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Challenge at Work May Ease Adults' Autism Symptoms

Finding counters the notion that difficult behaviors are hard to alter in these patients


About 50 percent of adults with autism spend their time in sheltered settings, and a minority work in the community, according to Taylor. Most have trouble holding steady jobs, she added.

For the study, the researchers tracked the behavioral development and activities of 153 people with autism spectrum disorder over a five-year period. Their average age was about 30.

The data came from a larger study conducted at the University of Wisconsin-Madison, which followed 400 families with adolescents with autism over 10 years. Data were collected at two different points in time almost six years apart. Data came from the primary caregiver -- 150 were mothers and three were fathers.

The researchers found that having greater vocational independence and engagement was related to reduction in autism symptoms and maladaptive behaviors. It was also associated with improvements in daily life activities.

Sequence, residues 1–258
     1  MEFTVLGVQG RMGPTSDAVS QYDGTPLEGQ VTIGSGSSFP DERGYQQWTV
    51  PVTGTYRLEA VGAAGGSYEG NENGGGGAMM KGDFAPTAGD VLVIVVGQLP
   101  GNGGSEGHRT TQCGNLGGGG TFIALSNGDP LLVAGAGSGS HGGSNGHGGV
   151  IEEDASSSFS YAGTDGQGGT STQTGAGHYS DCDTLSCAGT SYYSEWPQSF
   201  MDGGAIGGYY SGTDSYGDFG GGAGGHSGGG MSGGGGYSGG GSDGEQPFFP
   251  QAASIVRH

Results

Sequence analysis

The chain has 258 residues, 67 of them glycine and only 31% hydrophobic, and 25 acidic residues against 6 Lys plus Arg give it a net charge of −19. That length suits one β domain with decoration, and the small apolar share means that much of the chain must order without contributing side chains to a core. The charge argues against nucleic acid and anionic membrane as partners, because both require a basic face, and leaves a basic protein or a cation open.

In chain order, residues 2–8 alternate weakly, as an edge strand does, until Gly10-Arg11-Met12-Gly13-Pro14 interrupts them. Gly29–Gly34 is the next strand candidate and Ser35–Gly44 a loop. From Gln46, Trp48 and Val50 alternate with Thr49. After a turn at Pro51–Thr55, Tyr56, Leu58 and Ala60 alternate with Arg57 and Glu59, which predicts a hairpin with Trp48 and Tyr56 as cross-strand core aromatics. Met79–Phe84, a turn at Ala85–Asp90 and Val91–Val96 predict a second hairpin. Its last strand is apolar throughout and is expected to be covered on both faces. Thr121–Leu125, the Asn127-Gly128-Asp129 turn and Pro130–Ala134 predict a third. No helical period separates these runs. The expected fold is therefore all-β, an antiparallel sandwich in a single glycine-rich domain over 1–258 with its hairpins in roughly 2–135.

An expert in autism spectrum disorders who was not involved in the study said the results were not surprising.

"This study suggests that, as with nondisabled individuals, a more positive work experience can have many important associated benefits downstream," said Dr. Andrew Adesman, chief of developmental and behavioral pediatrics at Steven & Alexandra Cohen Children's Medical Center of New York, in New Hyde Park.

If the research can be replicated, Adesman said it suggests greater emphasis needs to be given to helping adults with autism spectrum disorder find as independent and engaging a work environment as possible.

Taylor said the key point for parents of adults with autism spectrum disorder is to understand the value of getting the best possible vocational placement for their son or daughter and advocating for it.

"If it's a terrible fit, in ability or in what interests them, it won't work out," she said. "But a job can have lasting behavioral impact across the lifespan."

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